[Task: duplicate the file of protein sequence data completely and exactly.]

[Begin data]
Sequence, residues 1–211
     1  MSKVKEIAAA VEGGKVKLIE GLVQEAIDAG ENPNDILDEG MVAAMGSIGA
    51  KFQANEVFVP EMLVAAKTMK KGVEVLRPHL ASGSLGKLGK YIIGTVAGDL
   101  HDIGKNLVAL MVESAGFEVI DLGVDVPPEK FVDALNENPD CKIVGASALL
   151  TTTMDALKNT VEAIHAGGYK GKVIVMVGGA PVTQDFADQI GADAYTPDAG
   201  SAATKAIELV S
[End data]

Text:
Sequence, residues 1–211
     1  MSKVKEIAAA VEGGKVKLIE GLVQEAIDAG ENPNDILDEG MVAAMGSIGA
    51  KFQANEVFVP EMLVAAKTMK KGVEVLRPHL ASGSLGKLGK YIIGTVAGDL
   101  HDIGKNLVAL MVESAGFEVI DLGVDVPPEK FVDALNENPD CKIVGASALL
   151  TTTMDALKNT VEAIHAGGYK GKVIVMVGGA PVTQDFADQI GADAYTPDAG
   201  SAATKAIELV S